On what his parents thought of him pursuing a career in the arts
I think my parents were surprisingly cool with me entering the arts. Although, I think they thought it was going to be a phase and they didn't expect me to actually stick with it, and rightfully so. They were concerned whether I could afford groceries, being an actor.
But I've said this before: I feel like immigrants sometimes — they're such risk-takers. Because I can't imagine moving to another country. They're pioneers; they're cowboys. And yet they often encourage really conservative choices from their children, which makes sense.
And then on the other hand, I sometimes wish immigrant parents would talk about happiness more with their children, and the pursuit thereof, because they're guilty of pursuing happiness as well. I think that's the problem: They feel guilty about pursuing their happiness, so they frame it in terms of duty and obligation. And they said, "We came here for your education," which I'm sure is true, but I think it's also true they wanted to be happy elsewhere.
On avoiding projects in which Asian characters are the butt of the jokes
Early on I just started saying, "I don't want to go in for those." And I had no right to [say that] — I had no experience, had no standing in the business, as it were, but it struck me as not worth it to do that. So I just tried to say no to those auditions. ...
But I remember very early on — I can't remember what job it was — being asked to do something that I was slightly uncomfortable with politically in that sense. ... I think it was laughing at an accent or something like that. ... But what people don't really see is when you perform that, particularly back in the day, there are no other people of color on set. It was all white men laughing at this joke about Asians. And I remember thinking, This feels terrible. This feels wrong and I don't ever want to feel this again. And so I've tried my best to avoid those situations.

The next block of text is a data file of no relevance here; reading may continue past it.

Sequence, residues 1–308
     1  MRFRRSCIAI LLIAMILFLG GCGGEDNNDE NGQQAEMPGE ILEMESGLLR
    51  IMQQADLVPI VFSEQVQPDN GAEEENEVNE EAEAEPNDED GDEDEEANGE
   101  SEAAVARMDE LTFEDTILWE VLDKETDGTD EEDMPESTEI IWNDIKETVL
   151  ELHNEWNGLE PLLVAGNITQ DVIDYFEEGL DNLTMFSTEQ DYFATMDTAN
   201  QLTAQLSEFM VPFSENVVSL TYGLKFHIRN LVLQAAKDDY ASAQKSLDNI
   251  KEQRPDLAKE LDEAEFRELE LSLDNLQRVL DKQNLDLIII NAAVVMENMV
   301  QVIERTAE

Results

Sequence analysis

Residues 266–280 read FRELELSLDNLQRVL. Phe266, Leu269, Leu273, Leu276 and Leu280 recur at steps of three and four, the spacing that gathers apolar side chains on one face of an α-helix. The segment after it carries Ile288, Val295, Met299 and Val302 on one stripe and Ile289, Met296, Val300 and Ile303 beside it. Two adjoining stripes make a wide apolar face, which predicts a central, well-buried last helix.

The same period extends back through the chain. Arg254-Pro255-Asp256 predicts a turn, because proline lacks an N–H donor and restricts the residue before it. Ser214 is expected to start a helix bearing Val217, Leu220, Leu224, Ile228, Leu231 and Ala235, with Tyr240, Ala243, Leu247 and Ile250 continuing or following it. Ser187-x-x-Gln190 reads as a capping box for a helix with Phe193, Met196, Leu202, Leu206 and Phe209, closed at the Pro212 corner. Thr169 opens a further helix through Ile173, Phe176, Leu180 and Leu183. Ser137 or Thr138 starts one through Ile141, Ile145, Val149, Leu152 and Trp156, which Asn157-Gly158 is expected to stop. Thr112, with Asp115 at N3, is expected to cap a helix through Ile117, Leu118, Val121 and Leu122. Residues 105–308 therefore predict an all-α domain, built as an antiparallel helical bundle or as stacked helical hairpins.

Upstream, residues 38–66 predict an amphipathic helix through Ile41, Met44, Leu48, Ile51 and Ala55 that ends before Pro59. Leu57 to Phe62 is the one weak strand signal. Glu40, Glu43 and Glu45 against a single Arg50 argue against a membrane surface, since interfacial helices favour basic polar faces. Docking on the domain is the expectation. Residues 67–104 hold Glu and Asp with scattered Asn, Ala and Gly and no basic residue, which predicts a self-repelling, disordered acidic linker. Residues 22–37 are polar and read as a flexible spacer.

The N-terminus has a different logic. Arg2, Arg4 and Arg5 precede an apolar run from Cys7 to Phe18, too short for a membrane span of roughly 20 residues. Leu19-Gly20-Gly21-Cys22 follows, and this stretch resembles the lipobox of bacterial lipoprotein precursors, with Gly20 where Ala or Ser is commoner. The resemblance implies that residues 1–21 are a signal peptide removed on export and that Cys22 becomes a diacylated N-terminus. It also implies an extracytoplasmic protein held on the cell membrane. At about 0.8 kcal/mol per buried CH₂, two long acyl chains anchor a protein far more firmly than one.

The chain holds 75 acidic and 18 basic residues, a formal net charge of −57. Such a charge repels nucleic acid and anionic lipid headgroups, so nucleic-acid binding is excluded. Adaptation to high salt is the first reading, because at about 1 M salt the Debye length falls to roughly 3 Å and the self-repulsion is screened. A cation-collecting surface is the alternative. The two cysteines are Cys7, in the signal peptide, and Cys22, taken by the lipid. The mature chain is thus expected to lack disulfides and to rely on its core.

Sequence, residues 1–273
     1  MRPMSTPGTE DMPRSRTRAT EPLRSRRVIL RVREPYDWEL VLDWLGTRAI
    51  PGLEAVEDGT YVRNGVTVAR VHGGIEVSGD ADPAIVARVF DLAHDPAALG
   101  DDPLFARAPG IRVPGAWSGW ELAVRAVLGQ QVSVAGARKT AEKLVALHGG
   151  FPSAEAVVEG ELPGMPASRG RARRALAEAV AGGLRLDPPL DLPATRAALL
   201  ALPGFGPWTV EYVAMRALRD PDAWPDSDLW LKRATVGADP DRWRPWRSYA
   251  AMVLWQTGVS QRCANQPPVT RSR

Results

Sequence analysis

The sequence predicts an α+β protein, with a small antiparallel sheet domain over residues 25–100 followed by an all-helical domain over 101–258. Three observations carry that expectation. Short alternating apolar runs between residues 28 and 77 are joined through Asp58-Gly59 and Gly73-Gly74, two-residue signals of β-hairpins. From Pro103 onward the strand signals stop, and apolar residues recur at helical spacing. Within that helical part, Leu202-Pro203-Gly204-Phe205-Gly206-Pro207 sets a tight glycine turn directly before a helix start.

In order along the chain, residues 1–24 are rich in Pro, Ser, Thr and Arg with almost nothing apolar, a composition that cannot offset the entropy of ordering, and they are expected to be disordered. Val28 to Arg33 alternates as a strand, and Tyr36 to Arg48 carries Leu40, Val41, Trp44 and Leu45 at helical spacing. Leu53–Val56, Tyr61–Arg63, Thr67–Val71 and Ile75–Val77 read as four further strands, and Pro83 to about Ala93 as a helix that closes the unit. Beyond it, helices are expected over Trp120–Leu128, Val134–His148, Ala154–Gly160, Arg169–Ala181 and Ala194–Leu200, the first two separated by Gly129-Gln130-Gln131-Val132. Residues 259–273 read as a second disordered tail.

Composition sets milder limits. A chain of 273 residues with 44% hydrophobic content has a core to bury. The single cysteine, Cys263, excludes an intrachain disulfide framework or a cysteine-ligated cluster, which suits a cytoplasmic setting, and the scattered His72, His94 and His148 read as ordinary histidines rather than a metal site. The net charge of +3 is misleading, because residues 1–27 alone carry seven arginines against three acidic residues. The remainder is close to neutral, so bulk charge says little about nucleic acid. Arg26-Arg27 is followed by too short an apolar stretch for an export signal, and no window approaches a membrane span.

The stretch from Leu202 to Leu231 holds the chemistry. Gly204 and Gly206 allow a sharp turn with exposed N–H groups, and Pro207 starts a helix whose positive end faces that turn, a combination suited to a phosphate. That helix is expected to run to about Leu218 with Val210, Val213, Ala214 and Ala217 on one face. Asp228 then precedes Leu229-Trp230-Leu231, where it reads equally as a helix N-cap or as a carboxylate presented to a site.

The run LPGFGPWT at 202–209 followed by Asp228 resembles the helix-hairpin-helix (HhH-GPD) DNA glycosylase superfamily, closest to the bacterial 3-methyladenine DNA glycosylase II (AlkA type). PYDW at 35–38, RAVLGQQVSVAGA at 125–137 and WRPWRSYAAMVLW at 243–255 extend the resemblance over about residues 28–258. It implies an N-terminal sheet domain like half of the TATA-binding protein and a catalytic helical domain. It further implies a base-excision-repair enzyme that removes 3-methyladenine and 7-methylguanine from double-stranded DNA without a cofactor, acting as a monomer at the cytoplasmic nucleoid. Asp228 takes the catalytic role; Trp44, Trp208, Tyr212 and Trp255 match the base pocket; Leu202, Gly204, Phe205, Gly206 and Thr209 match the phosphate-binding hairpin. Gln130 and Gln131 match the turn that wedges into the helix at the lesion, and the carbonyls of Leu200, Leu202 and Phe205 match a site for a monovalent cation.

On the first time he read the script for Harold and Kumar Go to White Castle
It was really funny, really clever, really raunchy, but really funny and smart, and it said things about race that were funny to me and that were insightful. It was very insightful and it pushed back against certain stereotypes, and I liked that. ...
A little tidbit: There was stuff in the movie that didn't quite make the cut. [The directors] had written in more verbiage about being Korean and being Indian. They wrote that stuff with a heavy hand, because they were afraid that an executive at some point would try ... to change the characters' race to white. And so they felt, as a defensive measure, that it would be wise to put as much cultural data in the script as possible, so people wouldn't get that idea.
Lauren Krenzel and Therese Madden produced and edited this interview for broadcast. Bridget Bentz, Molly Seavy-Nesper and Nicole Cohen adapted it for the Web.
Copyright 2021 Fresh Air. To see more, visit Fresh Air.